5. Standards would be designed, adopted, and complied with through an industry certification program to ensure both domestic and global interoperability, including a standard to ensure that devices used to facilitate mobile payments do not create any electronic interference problems.
  6. A better understanding of a regulatory oversight model should be developed in concert with bank and non-bank regulators early in the effort to clarify compliance responsibilities.
  7. Trusted Service Managers should oversee the provision of interoperable and shared security elements used in the mobile phone.

During their discussions, the MPIW debated the need for a new entity in the ecosystem directed at assisting the various parties to resolve issues of mutual concern and codify solutions in such a way as to facilitate interoperability and ubiquity. While many members felt that such an entity may be useful in the future, the general sense was that it was too early in the evolution to fully understand how such an entity might be constituted and what its role might be. In the meantime, the MPIW indicated a desire to meet again, perhaps with some additional attendees, to continue to discuss issues resident in the foundational components discussed above.

Additionally, the group discussed the need for an industry "roadmap" that could focus short term investment and accelerate progress. Once again, the general sense was that the complexity of the environment and diversity of participants would make this a daunting task. Efforts to specifically prescribe such a roadmap could create results that are inconsistent with the outcome eventually produced from natural market forces. Therefore, the group decided that defining such a roadmap this early in evolution of mobile payments in the U.S. might stifle innovation.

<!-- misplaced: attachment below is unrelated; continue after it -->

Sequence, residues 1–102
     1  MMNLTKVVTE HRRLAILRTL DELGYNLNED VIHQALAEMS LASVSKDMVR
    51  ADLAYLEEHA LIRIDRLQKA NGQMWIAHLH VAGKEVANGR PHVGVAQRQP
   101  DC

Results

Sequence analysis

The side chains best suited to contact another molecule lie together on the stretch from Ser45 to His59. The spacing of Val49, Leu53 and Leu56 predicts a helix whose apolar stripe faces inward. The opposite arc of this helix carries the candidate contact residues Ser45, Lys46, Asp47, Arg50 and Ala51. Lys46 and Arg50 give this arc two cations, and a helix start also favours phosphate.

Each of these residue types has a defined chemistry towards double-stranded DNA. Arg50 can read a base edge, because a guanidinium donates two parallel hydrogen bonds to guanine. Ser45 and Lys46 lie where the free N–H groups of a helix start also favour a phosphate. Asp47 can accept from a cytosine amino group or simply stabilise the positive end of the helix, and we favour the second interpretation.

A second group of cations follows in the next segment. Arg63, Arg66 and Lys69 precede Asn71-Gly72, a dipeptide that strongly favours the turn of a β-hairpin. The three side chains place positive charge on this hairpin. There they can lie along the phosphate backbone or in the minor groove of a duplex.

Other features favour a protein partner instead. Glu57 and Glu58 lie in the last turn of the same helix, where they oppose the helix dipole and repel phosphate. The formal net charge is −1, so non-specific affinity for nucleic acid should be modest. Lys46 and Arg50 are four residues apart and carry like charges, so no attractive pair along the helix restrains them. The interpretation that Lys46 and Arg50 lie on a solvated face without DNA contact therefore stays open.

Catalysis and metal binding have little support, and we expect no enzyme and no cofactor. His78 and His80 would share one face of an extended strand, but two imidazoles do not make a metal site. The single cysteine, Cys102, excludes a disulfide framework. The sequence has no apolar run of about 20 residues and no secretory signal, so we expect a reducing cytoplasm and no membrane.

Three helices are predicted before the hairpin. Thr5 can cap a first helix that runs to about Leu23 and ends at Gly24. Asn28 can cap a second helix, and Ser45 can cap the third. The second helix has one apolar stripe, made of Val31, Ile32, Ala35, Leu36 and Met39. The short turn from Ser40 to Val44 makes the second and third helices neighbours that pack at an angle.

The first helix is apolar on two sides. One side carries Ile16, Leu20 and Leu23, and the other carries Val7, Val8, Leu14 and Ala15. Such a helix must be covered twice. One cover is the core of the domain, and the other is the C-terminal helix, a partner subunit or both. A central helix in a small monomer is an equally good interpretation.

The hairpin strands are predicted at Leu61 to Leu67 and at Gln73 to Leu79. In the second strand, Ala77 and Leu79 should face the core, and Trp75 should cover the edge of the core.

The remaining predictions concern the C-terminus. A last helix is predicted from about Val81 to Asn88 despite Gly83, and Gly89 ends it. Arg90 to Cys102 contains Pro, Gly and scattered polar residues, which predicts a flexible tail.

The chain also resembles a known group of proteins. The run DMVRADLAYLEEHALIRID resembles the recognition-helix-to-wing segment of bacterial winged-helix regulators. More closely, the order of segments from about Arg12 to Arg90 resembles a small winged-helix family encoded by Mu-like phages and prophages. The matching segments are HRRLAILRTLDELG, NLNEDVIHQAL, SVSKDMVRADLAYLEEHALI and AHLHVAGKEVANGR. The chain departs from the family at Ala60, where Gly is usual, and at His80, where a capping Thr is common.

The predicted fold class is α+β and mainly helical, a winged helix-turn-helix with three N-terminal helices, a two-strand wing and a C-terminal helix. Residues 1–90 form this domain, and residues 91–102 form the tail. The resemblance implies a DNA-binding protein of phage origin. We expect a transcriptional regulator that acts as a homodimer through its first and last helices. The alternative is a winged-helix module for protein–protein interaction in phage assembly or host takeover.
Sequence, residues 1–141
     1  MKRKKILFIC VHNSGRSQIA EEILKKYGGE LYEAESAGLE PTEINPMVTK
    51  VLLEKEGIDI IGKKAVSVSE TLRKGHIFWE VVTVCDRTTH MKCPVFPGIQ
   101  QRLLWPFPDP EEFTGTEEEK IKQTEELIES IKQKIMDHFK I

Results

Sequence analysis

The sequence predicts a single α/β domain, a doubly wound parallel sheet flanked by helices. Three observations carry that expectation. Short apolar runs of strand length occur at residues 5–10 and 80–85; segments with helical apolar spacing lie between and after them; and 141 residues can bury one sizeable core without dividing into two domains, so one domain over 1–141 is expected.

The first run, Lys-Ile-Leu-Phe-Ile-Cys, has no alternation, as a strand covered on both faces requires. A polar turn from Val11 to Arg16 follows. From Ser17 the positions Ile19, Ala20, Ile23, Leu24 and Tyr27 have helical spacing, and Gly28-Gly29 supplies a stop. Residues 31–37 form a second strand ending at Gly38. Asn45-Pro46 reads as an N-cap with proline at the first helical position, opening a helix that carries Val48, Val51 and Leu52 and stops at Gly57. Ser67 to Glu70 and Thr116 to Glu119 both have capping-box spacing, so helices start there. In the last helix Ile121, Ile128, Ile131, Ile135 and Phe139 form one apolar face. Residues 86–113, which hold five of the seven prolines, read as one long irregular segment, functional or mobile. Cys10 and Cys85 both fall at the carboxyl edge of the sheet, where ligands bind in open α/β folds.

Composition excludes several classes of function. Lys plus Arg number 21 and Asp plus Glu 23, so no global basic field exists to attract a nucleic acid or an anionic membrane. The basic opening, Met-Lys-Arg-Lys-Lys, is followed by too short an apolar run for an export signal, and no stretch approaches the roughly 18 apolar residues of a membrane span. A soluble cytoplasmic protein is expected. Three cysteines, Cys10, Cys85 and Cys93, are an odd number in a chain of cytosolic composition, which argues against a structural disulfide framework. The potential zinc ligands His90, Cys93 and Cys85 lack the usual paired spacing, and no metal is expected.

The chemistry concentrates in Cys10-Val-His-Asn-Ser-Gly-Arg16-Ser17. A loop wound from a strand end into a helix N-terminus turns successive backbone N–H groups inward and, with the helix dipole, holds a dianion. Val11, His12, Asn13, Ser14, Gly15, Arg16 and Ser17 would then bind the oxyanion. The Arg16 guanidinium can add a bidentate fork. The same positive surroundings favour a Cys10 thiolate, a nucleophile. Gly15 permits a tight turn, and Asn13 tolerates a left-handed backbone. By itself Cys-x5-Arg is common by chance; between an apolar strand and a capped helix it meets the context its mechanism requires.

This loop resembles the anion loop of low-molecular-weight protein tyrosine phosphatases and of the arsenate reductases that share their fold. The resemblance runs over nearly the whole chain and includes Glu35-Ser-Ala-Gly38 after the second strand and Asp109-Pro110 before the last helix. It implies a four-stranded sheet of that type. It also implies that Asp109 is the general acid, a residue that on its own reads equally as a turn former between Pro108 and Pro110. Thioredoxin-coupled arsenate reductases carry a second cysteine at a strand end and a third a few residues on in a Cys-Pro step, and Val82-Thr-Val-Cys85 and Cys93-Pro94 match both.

The benefits of this document and the underlying participative work effort will be revealed by what happens next. This paper is intended to be a vehicle for socializing a concept or model for an efficient, secure, ubiquitous, and convenient mobile payments evolution in this country to a much broader group of industry players. They, in turn, must ultimately agree to support or modify the ideas contained herein as a means of moving forward, recognizing that the opportunity to achieve maximum benefits may be best realized by acting sooner, rather than later.

The ability of the two convening Reserve Banks to organize and facilitate the discussions that led to the publication of this document, in addition to the ongoing and highly engaged participation of a diverse group of mobile ecosystem players, speaks to the potential success of idea-sharing and demonstrates that collaborative efforts could work. The authors would like to thank all the participants for their engagement and contributions to this work. A note of special thanks goes to Steve Mott of BetterBuyDesign, who contributed heavily to this effort.

Full paper pdf

Updated report (May 2013): U.S. Mobile Payments Landscape – Two Years Later